MEMS and Sensors

Canada aims to increase chip manufacturing

03 December 2021
A worker at Bosch’s Dresden fab examines an image of a semiconductor wafer. Canada is working to bring more chipmaking and manufacturing to the country to avoid current and future supply chain issues. Source: Bosch

Canada wants to become a semiconductor powerhouse. And to do so it is laying out short-term, mid-term and long-term goals to be a developer, manufacturer and global supplier of chips.

Canada’s Semiconductor Council has unveiled its roadmap to this goal that would see the country take a slice of the $7 trillion global semiconductor market. Specifically, Canada will seek to develop and manufacture chips for markets such as automotive, healthcare, consumer electronics, smart agriculture and more.

The report, entitled “Roadmap to 2050: Canada’s Semiconductor Action Plan,” highlights the potential Canada has to develop semiconductors to fuel economic growth including the investment of a domestic semiconductor industry.

The move comes as the chip industry is struggling with an ongoing supply shortage causing numerous segments to experience high delays and faltering production. The shortage was caused initially by the COVID-19 pandemic where capacity was moved to accommodate higher demand for compute and consumer electronics due to lockdowns and stay-at-home orders. When demand returned in other sectors, capacity was simply unavailable for other regions to get the semiconductors they needed.

“Our Council formed because we’re in the midst of a global shortage of semiconductors and the time to act is now,” said Sarah Prevette, chair of Canada’s Semiconductor Council and CEO Future Design School. “Canada has homegrown STEM talent, access to critical raw materials and a strong foundation in research, innovation and design.”

The Canadian roadmap includes four main goals that would set up the country for semiconductor development by 2050:

1) Strengthening and diversifying the supply chain. This comes as the chip shortage impacts production and supply. The country will work to secure imported supply of semiconductors and establish a case for increasing domestic production.

2) Develop onshore manufacturing. This would include increasing domestic production of semiconductors by understanding which chips are in high demand, establishing a business model for fabrication, attracting multinational semiconductor manufacturing partners and improving engineering talent.

3) Establish a Canada as a brand. Focusing on design and R&D as well as specializing in electric vehicles, batteries and sensors, areas that are poised for significant growth.

4) Foster market development. This would be crucial to help float the bill for the initial and ongoing capital needed for semiconductor manufacturing.

Increasing domestic manufacturing

Canada’s move echoes concerns from other regions regarding having all semiconductor manufacturing concentrated in few locations—namely Taiwan, China and Korea—which could lead to future supply chain fluctuations due to geopolitical conflict or future pandemics.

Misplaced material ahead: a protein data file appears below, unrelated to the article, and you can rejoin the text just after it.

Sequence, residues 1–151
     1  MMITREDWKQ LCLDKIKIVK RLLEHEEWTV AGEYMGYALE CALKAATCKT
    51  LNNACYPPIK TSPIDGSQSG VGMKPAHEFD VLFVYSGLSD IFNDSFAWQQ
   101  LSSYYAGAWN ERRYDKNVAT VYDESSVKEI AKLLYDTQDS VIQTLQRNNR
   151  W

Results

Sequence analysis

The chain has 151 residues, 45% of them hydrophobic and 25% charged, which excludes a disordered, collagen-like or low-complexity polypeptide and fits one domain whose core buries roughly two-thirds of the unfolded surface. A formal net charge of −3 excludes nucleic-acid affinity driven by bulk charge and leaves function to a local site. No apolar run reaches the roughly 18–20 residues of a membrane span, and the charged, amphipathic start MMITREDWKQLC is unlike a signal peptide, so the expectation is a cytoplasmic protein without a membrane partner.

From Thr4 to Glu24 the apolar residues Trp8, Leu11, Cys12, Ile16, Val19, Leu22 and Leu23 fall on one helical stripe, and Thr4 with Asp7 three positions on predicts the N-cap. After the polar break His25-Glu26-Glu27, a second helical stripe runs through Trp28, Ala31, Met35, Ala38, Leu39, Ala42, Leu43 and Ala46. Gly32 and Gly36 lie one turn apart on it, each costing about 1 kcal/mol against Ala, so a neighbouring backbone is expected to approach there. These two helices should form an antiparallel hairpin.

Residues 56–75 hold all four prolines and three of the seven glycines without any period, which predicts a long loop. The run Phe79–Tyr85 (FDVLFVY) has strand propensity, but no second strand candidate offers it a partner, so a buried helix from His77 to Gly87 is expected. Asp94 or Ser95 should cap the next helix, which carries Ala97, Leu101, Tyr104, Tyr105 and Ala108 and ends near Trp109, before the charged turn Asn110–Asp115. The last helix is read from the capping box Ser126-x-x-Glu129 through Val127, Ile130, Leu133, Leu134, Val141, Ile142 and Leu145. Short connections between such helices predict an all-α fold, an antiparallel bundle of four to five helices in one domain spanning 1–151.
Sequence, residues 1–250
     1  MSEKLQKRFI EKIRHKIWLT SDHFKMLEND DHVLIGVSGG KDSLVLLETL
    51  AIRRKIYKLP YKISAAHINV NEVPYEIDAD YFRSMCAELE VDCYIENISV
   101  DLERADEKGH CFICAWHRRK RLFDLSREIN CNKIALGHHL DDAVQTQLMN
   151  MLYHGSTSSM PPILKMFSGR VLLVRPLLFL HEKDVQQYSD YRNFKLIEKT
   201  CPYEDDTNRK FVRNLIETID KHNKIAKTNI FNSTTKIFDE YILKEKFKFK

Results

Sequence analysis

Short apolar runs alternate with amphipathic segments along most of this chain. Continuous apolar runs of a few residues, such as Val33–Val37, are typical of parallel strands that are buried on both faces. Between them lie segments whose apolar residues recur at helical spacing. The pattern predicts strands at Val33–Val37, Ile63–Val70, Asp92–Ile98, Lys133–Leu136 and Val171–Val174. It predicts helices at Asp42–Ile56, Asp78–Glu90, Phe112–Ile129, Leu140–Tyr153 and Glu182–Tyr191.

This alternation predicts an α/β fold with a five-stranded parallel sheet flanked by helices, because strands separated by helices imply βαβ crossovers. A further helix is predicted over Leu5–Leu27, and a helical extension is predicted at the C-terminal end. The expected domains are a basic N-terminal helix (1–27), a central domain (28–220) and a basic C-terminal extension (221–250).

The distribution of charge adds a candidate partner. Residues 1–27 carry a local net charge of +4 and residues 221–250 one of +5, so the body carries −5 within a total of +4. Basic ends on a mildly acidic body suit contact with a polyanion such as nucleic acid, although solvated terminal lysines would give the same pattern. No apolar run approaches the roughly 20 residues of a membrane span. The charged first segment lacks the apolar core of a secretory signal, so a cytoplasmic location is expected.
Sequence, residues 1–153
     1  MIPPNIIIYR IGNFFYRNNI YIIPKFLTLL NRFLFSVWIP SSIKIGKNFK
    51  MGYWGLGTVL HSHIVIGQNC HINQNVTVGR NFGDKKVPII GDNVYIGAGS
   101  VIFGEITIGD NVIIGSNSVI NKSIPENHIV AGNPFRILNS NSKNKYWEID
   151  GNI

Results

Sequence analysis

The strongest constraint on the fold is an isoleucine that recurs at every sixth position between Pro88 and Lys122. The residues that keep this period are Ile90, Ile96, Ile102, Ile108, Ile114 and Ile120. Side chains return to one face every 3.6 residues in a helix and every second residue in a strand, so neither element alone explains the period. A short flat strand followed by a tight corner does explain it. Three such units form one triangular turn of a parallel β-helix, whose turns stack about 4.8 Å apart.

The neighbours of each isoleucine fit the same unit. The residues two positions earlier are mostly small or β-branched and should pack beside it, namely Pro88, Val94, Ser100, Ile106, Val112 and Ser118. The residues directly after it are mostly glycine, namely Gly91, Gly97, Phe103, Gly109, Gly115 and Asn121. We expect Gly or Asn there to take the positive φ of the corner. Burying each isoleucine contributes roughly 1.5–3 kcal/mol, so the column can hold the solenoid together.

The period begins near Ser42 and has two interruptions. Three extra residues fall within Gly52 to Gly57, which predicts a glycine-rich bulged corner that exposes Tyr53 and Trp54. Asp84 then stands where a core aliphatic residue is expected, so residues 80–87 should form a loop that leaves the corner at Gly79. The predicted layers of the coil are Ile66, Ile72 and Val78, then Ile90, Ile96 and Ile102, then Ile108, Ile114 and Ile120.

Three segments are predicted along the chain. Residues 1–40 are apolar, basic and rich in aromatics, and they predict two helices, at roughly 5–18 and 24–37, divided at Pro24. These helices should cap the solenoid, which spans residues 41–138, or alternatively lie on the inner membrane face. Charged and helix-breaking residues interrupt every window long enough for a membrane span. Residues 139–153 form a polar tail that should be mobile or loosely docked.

As a result, a cry from many regions has emerged to increase domestic semiconductor manufacturing. The U.S. has been very active in developing more manufacturing in its borders with a bill making its way through Congress called the United States Innovation and Competition Act (USICA), which includes funding for Creating Helpful Incentives to Produce Semiconductors (CHIPS) for America Act, a bill that would help to increase U.S. domestic semiconductor manufacturing.

The Senate recently passed the bill that aims to increase competitiveness in the U.S. by promoting American science and technology leadership. Funding for CHIPS for America Act would include $52 billion in federal investments for new fabs, research and more.

Intel Corp. wants the U.S. to eventually manufacturer one-third of all chips globally. Currently, the U.S. manufactures about 12% and that is on the decline. The European Union has plans with the goal to produce 20% of the world’s semiconductors by 2030. Intel, which announced two new fabs to be built in the U.S., also is looking to build a fab in Europe and potentially might spend $100 billion in new fabs in the region in the next five years.

Korea and Taiwan have goals of their own to maintain control of semiconductor manufacturing with plans to expand fab builds in the next decade.

New fabs already planned

While the bill will help to increase funding to bring more fabs to the U.S., facilities are already being planned.

Taiwan Semiconductor Manufacturing Co. (TSMC) this month started construction on its new fab site in Arizona. The company plans to spend at least $12 billion on the fab, but reports indicate the company may spend $35 billion, tripling its original investment, to build a gigafab at the Arizona location that would take 10 to 15 years to construct.

Intel is also building two new fabs at its Ocotillo campus in Chandler, Arizona. Intel is investing $20 billion in the fabs as well as an additional $3.5 billion to expand its New Mexico operations for advanced chip packaging technologies.

GlobalFoundries has pledged $1.4 billion to increase output at its three factories in the U.S., Singapore and Germany. The company also recently purchased about 55 acres of undeveloped land adjacent to its Fab 8 facility in Malta, New York.

Samsung Electronics recently announced its location for its new fab in the U.S. that would be in Taylor, Texas, and the company will invest $17 billion in its construction.

To contact the author of this article, email PBrown@globalspec.com


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